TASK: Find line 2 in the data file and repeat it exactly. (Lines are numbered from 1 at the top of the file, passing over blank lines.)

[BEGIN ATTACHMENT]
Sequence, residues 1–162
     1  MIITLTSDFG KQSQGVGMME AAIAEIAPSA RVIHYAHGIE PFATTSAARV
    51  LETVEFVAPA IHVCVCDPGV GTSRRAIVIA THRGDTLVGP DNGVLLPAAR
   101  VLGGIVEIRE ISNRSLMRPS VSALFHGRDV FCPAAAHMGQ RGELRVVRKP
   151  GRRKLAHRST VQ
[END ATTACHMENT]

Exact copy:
     1  MIITLTSDFG KQSQGVGMME AAIAEIAPSA RVIHYAHGIE PFATTSAARV